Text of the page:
“This is a county of white men. And as Long as I am president it will be a government for white men.”
— Andrew Johnson
“The conquest of the earth, which mostly means taking it away from those who have slightly flatter noses than ourselves, is not a pretty thing when you look into it too much.”
–Marlow, in Joseph Conrad’s Heart of Darkness.
“At some future period, not very distant as measured by centuries, the civilized races of man will almost certainly exterminate and replace the savage races throughout the world.”
— Charles Darwin, On the Descent of Man (1871)
To be a Negro in a day like this
Demands rare patience—patience that can wait
In utter darkness.
–James D. Corrothers
“Then will the world enter upon a new stage of its history– the final competition of races, for which the Anglo-Saxon is being schooled.”
— Josiah Strong
“We have only to imagine what America would be to-day if she had fallen… into the hands of any other people than the Colonizing British, to see how vitally important is this question of race. America was indeed fortunate in the seed planted upon her soil…. the American of today remains true to this noble strain and is 4/5 British” (2-3).
–Andrew Carnegie’s The Triumph of America (1885)
“It is highly probably that whole nations have regtrograded in the scale of life. Certain savage peoples like the Bushmen and Australians are believed by ethnologists to represent decadent stocks. Wars, famines, the encroachments of superior races, as well as inherent vices, have operated, and are still operating, to destroy entire tribes and races. The gradual extinction of the American Indians and many of the South Sea Islanders illustrates a process of degeneration that is going on in our own time.”
— George Dawson (1896)
“Poverty, even, is sweeter to them than confinement. Naturally they become warlike and predatory in their habits. Assuming that ‘all is fair in war,’ they act upon the principle that ‘might makes right’, whether it be the might of brute force, or savage cunning. The comforts and restrains of social and civil life are not to be compared with trusty weapons and a swift-going steed. Despising governments, they are yet controlled by their emirs, their sheiks, and their traditions. Ishmaelites by descent, they are Ishmaelites in disposition also; their hand against every many, they trust no an thoroughly, save their own brotherhood. Uncertain, vindictive, and selfish, they are the source of apprehension to every traveler. Living in clans or hordes, for self protection, however, rather than for love’s sake, their one pre-eminent object in life is subsistence– food, shelter, clothing” (21-22).
–George Needham “Street Arabs and Gutter Snipes” (1884)
“God has… made us the master organizers of the world to establish system where chaos reigns. He has given us the spirit of progress to overwhelm the forces of reaction throughout the earth. He has made us adepts in government that we may administer government among savage and senile peoples. Were it not for a force as this the world would relapse into barbarism and night. And of all our race He has marked the American people as His chosen nation to finally lead in the regeneration of the world. This is the divine mission of America…. We are trustees of the world’s progress, guardians of its righteous peace.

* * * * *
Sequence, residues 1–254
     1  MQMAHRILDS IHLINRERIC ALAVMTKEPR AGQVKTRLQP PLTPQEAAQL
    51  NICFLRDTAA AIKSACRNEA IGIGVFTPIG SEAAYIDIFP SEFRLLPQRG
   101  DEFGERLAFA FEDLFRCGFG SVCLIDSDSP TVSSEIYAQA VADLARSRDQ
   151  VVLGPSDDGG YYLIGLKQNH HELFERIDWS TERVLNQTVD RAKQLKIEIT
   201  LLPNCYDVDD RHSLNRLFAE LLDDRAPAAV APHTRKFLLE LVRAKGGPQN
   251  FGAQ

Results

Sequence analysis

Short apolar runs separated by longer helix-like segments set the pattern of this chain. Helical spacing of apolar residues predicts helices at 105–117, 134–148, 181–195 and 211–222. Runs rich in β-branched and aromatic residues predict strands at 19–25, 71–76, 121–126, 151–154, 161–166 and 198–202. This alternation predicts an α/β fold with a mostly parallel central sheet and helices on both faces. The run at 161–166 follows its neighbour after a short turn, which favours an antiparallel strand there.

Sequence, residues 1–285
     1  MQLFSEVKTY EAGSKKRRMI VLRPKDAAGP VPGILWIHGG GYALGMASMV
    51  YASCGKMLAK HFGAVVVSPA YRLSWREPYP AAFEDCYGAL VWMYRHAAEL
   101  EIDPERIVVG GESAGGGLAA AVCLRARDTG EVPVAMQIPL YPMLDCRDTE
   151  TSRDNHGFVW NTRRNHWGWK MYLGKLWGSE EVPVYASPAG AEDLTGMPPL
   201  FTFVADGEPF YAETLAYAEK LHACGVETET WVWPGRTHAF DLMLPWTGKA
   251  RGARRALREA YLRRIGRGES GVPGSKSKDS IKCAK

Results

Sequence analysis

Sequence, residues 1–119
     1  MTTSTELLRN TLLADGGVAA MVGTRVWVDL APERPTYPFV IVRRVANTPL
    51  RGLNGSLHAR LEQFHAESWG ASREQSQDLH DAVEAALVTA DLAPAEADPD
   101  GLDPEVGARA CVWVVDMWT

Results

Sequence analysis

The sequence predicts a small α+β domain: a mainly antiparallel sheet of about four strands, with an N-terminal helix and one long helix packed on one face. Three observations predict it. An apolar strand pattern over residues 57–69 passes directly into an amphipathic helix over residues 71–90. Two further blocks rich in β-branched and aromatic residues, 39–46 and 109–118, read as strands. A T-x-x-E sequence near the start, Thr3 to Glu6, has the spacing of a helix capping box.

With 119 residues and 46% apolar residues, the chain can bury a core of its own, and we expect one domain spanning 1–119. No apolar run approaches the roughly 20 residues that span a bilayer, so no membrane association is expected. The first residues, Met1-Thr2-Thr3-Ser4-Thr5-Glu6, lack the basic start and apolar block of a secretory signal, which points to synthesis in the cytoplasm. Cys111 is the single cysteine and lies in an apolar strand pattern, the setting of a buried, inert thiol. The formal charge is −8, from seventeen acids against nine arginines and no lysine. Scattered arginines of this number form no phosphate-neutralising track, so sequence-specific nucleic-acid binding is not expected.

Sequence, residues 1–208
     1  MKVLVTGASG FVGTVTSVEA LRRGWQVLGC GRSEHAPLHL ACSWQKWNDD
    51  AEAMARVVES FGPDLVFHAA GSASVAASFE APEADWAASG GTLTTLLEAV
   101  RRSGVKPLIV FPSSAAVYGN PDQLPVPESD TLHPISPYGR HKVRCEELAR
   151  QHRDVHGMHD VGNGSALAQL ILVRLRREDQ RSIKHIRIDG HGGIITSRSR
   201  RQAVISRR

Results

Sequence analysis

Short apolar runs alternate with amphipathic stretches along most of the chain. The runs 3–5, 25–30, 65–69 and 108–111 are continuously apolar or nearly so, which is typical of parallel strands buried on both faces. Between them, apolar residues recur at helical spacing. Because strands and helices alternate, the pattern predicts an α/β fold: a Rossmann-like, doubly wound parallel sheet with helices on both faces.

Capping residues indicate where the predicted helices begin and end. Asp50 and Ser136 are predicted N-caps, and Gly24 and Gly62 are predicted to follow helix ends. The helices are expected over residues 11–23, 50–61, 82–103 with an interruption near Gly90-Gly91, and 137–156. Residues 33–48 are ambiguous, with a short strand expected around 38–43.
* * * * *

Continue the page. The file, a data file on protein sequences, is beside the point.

“What shall history say of us? Shall it say that we renounced that holy trust, left the savage to its base conditions, the wilderness to the reign of waste, deserted duty, abandoned glory?… Our fathers… unfurled no retreating flag. That flag has never paused in its onward march. Who dares halt it now– now, when history’s largest events are carrying it forward?”
–Senator Albert Beveridge, Speech from January 9, 1900.
“Thank God for the iron in the blood of our fathers, the men who upheld the wisdom of Lincoln and bore sword or rifle in the armies of Grant! Let us, the children of the men who proved themselves equal to the mighty days, let us, the children of the men who carried the great Civil War to a triumphant conclusion, praise the God of our fathers that the ignoble counsels of peace were rejected; that the suffering and loss, the blackness of sorrow and despair, were unflinchingly faced and the years of strife endured; for in the end the slave was freed, the Union restored, and the mighty American republic placed once more as a helmeted queen among nations” (5).
–Theodore Roosevelt, “The Strenuous Life” (1899)
“The cyclone of civilization rolled westward; the forests of untold centuries were swept away; streams dried up; lakes fell back from their ancient bounds; and all our fathers once loved to gaze upon was destroyed, defaced, or marred, except the sun, moon and starry skies above, which the Great Spirit in his wisdom hung beyond their reach.”
– Simon Pokagon, “The Red Man’s Greeting” at the 1893 Columbian Exposition.
“My thoughts, the thoughts of Washington, Trotter and others, were the expression of social forces more than of our own minds. These forces or ideologies embraced more than our reasoned acts. They included physical, biological and psychological forces; habits, conventions and enactments. Opposed to these came natural reaction: the physical recoil of the victims, the unconscious and irrational urges, as well as reasoned complaints and acts. The total result was the history of our day. That history may be epitomized in one word– Empire; the domination of white Europe over black Africa and yellow Asia, through political power built on the economic control of labor, income and ideas. The echo of this industrial imperialism in America was the expulsion of black men from American democracy, their subjection to caste control and wage slavery. This ideology was triumphant in 1910”
– WEB DuBois, Dusk of Dawn.